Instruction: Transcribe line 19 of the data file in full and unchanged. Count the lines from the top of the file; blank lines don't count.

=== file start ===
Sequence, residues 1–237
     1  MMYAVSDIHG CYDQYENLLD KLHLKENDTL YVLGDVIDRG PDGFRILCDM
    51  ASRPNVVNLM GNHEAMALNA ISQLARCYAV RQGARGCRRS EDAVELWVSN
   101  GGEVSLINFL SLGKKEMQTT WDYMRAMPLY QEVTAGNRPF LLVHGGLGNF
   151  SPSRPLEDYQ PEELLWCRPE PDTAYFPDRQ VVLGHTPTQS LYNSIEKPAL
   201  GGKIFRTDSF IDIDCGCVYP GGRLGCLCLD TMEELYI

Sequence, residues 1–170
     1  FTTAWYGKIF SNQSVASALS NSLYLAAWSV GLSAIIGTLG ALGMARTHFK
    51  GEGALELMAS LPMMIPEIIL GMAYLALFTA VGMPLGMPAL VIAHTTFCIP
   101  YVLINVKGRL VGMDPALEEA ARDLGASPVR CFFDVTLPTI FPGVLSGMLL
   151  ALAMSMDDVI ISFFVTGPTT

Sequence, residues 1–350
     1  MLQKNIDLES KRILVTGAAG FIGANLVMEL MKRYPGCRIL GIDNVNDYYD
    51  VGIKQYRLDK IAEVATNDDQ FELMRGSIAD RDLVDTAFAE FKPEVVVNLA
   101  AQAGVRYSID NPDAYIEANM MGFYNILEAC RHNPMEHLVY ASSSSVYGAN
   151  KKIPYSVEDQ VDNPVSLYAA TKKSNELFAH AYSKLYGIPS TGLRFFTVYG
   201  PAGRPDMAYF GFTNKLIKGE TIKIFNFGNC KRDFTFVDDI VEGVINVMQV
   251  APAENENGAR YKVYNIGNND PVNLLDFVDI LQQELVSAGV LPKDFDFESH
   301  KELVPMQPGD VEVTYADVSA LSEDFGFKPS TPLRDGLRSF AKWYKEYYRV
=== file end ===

   301  KELVPMQPGD VEVTYADVSA LSEDFGFKPS TPLRDGLRSF AKWYKEYYRV